Trump administration begins deporting asylum seekers to Guatemala
The Trump administration has sent the first migrant to Guatemala as part of its agreement with the country to accept asylum seeking migrants from the US, according to Guatemalan officials.
An Honduran man arrived in Guatemala City on Thursday morning. He appeared to be the only migrant on the flight and was taken to a shelter after being processed.
The agreement marks a significant shift in US asylum policy as migrants who may have a legitimate claim for asylum are sent to another country to make their case.
Over recent months, the administration has been in discussions with the Northern Triangle countries of Guatemala, Honduras, and El Salvador to send migrants seeking asylum at the US-Mexico border to those countries. The accords bar migrants from seeking asylum in the US, with some exceptions, and allows the US to instead send asylum seekers to one of the three countries.
It’s not unusual for the government to start off small to work out the kinks, said a Homeland Security official. A similar slow-start process took place with the launch of the administration’s program to return migrants to Mexico to await immigration proceedings in the US.
The Department of Homeland Security did not respond to a request for comment.
The Trump administration has touted the agreements, arguing that they allow migrants to seek asylum closer to their home countries. But immigrant advocates and lawyers have pushed back, noting that the countries the US struck agreements with don’t have the infrastructure in place to support these migrants.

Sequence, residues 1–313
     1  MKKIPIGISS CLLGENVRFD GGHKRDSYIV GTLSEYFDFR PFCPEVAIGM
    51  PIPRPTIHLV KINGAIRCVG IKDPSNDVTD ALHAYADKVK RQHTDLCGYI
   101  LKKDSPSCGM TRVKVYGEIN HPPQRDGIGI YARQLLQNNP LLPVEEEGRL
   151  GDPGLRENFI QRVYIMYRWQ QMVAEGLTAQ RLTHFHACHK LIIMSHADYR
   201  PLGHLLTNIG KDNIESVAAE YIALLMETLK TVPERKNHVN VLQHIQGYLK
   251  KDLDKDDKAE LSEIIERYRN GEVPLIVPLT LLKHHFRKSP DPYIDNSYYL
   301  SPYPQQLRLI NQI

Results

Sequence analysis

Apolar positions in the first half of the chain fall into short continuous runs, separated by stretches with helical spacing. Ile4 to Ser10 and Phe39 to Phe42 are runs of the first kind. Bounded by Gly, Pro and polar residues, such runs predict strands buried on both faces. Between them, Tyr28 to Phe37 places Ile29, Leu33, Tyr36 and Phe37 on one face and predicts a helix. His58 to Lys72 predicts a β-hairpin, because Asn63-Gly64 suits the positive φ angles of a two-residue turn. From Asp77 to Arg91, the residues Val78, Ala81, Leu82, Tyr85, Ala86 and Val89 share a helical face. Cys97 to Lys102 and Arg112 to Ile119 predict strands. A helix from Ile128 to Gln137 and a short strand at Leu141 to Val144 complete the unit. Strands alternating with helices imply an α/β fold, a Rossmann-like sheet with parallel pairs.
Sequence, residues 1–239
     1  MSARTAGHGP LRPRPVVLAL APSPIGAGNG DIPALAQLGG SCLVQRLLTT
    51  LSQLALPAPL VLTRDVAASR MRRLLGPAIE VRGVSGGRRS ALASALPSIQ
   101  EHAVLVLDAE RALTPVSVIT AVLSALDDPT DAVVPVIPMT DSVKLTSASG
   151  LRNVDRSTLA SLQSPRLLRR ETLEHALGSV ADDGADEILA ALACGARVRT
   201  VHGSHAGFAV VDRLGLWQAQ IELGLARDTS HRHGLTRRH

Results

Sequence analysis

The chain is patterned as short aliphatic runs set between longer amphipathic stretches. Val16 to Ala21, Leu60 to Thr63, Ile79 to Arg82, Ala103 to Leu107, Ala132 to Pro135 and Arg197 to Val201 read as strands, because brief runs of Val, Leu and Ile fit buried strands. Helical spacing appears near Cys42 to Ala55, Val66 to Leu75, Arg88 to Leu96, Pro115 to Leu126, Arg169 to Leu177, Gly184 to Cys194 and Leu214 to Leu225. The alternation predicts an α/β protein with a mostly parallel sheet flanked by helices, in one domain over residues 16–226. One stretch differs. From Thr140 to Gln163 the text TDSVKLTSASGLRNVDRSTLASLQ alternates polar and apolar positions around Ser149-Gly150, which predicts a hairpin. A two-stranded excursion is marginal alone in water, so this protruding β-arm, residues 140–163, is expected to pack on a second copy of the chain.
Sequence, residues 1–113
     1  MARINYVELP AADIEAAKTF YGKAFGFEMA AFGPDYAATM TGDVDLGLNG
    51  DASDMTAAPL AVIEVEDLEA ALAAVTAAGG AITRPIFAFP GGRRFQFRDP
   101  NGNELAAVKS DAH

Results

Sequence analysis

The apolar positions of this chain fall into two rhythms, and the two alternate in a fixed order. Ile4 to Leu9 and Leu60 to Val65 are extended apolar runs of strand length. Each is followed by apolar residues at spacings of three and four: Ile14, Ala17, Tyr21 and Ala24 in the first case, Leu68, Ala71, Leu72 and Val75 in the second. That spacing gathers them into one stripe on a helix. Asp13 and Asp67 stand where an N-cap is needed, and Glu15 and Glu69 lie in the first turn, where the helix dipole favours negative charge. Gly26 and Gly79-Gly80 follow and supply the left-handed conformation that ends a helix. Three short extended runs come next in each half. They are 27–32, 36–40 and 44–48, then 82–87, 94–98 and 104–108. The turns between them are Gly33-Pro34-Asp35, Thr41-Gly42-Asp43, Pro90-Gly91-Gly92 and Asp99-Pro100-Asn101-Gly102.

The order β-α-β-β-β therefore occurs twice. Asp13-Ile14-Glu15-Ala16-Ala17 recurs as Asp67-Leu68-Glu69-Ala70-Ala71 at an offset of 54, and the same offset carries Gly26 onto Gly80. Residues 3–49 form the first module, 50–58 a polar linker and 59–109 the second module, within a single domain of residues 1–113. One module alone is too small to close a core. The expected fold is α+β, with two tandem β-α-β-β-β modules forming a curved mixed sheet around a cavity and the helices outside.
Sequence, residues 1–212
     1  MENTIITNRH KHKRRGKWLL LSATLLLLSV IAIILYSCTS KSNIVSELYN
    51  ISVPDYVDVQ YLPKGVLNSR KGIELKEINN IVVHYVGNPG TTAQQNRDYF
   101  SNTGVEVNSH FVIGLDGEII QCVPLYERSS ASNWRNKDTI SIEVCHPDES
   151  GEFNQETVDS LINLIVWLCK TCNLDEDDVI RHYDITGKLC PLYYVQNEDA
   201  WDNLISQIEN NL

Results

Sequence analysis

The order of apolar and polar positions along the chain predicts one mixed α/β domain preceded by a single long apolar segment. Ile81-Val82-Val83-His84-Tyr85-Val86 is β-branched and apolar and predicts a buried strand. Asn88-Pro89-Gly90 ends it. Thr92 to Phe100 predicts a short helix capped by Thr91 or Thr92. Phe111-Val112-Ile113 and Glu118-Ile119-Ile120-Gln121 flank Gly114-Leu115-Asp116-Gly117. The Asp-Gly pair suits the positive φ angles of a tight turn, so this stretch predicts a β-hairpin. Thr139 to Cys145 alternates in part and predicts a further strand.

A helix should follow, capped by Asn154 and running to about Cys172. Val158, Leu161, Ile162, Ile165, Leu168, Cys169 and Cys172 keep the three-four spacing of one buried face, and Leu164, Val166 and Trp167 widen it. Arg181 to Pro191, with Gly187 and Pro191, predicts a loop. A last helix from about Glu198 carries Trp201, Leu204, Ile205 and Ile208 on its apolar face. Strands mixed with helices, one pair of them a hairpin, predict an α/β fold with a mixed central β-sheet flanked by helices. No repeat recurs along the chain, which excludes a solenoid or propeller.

US asylum officers are receiving training on the program and have gradually begun interviewing migrants to assess whether they’re eligible to go to Guatemala, according to two sources familiar with the process. Migrants from Honduras and El Salvador are eligible to be sent back to Guatemala under this program, according to a source familiar.
Under US law, migrants are allowed to claim asylum once on US soil. There’s a caveat, however, for those who come through safe third countries, meaning countries that the US has entered into an agreement with. The United Nations’ refugee agency defines “safe country,” in part, as “being countries in which refugees can enjoy asylum without any danger.”
The US has had a safe-third agreement with Canada since 2002.
Migrants who are placed in this asylum program do not have access to counsel prior to being removed from the US, according to two sources familiar with the process.
The Guatemala accord was the first of a series of similar agreements with Central American countries. In fiscal year 2019, Customs and Border Protection apprehended and deemed inadmissible nearly one million people — the majority of whom were from the Northern Triangle countries of Guatemala, El Salvador, and Honduras.
Former acting Homeland Security Secretary Kevin McAleenan shepherded the agreements over recent months, taking a number of trips down to Central America.
Earlier this week, newly appointed acting Homeland Security Secretary, Chad Wolf told reporters in El Paso that implementation of the agreement was imminent. “Once in place, these agreements will build a robust asylum capacity in the entire region and allow migrants to seek humanitarian protections as close to home as possible,” he said.
Critics of the department’s asylum initiatives have said sending migrants to Guatemala could put them in harm’s way.
Michael Knowles, president of a local union that represents US asylum officers, denounced the Trump administration’s asylum policies during a House hearing Tuesday, calling them “egregious” and “illegal.”
“These policies are blatantly illegal, they are immoral, and indeed are the basis for some egregious human rights violations by our own country,” Knowles testified.